When you’re not platforming, you’re fighting bosses, and some of these designs almost capture the spirit of the game’s inspiration. Memorising attack patterns in these multi-phase battles is key, and while fighting a few bosses I managed to see a rhythm emerge that hinted at a comprehension of the vision required to pull off an experience such as this. The sections where you are fighting in a plane on a broom fare slightly better in terms of design as you have far superior manoeuvrability and a functional dodge with an invincibility window, but boss fights do tend to drag on.

The absence of no-brainer mechanics that would have added a bit of fairness to this fight like a brief invincibility window after copping a hit or the ability to duck are felt keenly, but this is decidedly on brand for a game designed principally to torment you and hope that it you find that entertaining

This bastard…

The art style is incredibly derivative but inoffensive enough, however there’s a patent lack of impact to your attacks. Cuphead felt good because when you got it right the enemies visibly looked like you were troubling them and got more and more angry. Here, you’ll just sink shots endlessly into the lazily flashing bullet sponge boss until you get a hard cut to the next phase or some disconnected still that will throw you into the next area. There’s just no satisfaction or release when you finally best your foe, and if it’s one thing that ought to be at the heart of a challenging game, it’s surely that.

Final Thoughts

I will say that over the decades I have been gaming, several games have tested me, but I’ve always risen to the challenge; I almost put a hole through my TV before beating Isshin the Sword Saint, I bested Portal 2’s co-op mode one-guy-two-controllers-style (little known fact), and I still sometimes wake up in a cold sweat from nightmares of King Dice in the original Cuphead. The only reason I persisted with Enchanted Portals is out of pride for my gaming credentials, but I urge you to not pick up this cursed gauntlet. Regardless of skill, Enchanted Portals is extremely likely to break you, because unlike the title it blatantly apes, the tools you have to beat your foes feel uninspired and inadequate. The challenge can certainly be surmounted with enough trial, error and extreme levels of patience, but it’s also just as honourable to walk away, and definitely a lot more fun.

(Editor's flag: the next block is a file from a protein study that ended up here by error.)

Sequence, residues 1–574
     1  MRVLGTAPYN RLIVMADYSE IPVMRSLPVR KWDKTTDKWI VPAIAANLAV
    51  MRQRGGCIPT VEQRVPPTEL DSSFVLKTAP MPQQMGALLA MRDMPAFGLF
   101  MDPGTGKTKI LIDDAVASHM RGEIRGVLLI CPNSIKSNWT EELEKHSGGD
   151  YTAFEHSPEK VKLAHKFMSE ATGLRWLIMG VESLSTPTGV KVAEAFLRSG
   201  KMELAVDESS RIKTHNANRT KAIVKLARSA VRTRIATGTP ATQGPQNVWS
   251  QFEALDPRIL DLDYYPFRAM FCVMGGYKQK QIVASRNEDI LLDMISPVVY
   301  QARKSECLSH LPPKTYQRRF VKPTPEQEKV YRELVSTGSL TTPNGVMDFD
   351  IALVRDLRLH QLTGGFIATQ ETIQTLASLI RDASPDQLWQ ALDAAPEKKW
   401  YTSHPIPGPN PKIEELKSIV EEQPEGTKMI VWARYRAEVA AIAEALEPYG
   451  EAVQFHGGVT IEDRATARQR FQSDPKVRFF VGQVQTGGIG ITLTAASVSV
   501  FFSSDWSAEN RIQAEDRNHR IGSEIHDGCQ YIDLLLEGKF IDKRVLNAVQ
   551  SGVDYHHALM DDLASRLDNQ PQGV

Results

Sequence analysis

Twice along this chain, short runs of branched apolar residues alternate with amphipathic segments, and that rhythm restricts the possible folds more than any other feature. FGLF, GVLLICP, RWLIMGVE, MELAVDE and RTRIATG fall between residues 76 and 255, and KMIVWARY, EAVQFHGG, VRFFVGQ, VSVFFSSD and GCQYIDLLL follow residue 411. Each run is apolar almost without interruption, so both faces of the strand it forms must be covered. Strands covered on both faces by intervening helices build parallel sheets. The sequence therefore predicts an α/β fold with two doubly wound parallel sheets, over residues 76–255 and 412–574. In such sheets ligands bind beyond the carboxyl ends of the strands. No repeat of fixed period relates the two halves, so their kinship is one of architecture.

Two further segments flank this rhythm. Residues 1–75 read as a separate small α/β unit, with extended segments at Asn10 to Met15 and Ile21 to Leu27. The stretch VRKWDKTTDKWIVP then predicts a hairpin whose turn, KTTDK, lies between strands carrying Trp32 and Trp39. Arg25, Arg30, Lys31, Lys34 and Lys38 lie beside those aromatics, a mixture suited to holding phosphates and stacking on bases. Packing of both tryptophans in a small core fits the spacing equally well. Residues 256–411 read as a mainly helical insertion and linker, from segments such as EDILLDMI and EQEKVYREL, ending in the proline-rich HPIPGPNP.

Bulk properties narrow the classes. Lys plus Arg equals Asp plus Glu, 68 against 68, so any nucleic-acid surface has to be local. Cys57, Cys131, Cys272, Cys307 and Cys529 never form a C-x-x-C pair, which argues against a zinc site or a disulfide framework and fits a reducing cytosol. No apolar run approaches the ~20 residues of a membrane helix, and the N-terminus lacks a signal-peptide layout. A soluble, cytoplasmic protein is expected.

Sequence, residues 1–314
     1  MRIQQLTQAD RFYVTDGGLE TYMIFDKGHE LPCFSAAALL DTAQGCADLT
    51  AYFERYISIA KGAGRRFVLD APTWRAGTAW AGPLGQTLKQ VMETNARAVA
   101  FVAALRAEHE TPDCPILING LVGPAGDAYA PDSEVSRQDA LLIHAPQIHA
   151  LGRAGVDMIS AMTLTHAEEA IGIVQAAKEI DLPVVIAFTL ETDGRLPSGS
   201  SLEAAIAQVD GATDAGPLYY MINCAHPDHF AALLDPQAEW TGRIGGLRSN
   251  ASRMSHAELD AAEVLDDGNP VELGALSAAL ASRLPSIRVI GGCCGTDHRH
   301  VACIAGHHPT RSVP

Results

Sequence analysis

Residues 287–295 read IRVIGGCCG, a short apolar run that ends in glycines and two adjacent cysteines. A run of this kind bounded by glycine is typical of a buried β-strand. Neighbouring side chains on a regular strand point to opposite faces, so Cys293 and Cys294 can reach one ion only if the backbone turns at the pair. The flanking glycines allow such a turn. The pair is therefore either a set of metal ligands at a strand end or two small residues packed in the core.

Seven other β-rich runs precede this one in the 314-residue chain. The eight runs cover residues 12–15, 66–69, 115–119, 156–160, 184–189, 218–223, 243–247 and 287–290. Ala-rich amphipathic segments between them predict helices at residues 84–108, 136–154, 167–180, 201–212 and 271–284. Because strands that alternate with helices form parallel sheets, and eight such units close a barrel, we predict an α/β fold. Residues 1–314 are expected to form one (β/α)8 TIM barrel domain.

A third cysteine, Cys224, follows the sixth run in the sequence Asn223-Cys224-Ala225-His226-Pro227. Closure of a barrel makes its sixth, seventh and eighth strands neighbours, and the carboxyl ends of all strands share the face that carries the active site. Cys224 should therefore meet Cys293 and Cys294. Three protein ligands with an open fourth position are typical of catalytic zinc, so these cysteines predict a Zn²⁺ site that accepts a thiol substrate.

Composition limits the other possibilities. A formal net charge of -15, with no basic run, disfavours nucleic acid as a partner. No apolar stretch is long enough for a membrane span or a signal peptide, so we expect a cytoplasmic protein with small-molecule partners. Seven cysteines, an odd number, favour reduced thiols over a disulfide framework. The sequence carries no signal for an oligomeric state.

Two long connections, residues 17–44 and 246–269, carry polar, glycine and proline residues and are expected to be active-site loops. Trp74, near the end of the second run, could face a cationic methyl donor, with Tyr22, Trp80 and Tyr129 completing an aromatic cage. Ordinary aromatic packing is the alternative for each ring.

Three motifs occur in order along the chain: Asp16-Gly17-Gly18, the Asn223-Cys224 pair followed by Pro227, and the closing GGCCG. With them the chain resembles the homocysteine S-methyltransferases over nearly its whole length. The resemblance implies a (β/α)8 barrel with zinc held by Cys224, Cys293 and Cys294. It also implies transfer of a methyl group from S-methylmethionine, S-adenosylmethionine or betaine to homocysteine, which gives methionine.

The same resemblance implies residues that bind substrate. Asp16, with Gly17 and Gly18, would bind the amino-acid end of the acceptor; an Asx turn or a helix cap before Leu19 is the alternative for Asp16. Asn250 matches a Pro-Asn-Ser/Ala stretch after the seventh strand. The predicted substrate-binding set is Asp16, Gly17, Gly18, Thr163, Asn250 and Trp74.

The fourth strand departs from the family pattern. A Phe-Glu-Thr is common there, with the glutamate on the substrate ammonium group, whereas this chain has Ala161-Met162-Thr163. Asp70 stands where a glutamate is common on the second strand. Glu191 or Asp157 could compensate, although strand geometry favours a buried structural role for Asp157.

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Reviewed on PS5 // Review code supplied by publisher

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Enchanted Portals Review
Pas enchanté
Enchanted Portals copies almost everything about Cuphead, except for the precision of its mechanics, the tightness of its design and the enjoyment gleaned by mastering it. All the good bits really…
The Good
Art style is clean and colourful, if extremely derivative
Bosses occasionally strike a rhythm
The Bad
Imprecise controls are inadequate in the face of the game's challenge
Boss fights drag on for far too long and lack any satisfying visual feedback
2D platforming sections are universally painful and chaotic
Copies Cuphead wholesale minus the enjoyment
3.5
Poor
  • Xixo Game Studios
  • Xixo Game Studios
  • PS5 / PS4 / Xbox Series X&S / Xbox One / PC
  • September 6, 2023

Enchanted Portals Review
Pas enchanté
Enchanted Portals copies almost everything about Cuphead, except for the precision of its mechanics, the tightness of its design and the enjoyment gleaned by mastering it. All the good bits really…
The Good
Art style is clean and colourful, if extremely derivative
Bosses occasionally strike a rhythm
The Bad
Imprecise controls are inadequate in the face of the game’s challenge
Boss fights drag on for far too long and lack any satisfying visual feedback
2D platforming sections are universally painful and chaotic
Copies Cuphead wholesale minus the enjoyment
3.5
Poor
Written By Kieran Stockton

Kieran is a consummate troll and outspoken detractor of the Uncharted series. He once fought a bear in the Alaskan wilderness while on a spirit quest and has a PhD in organic synthetic chemistry XBL: Shadow0fTheDog PSN: H8_Kill_Destroy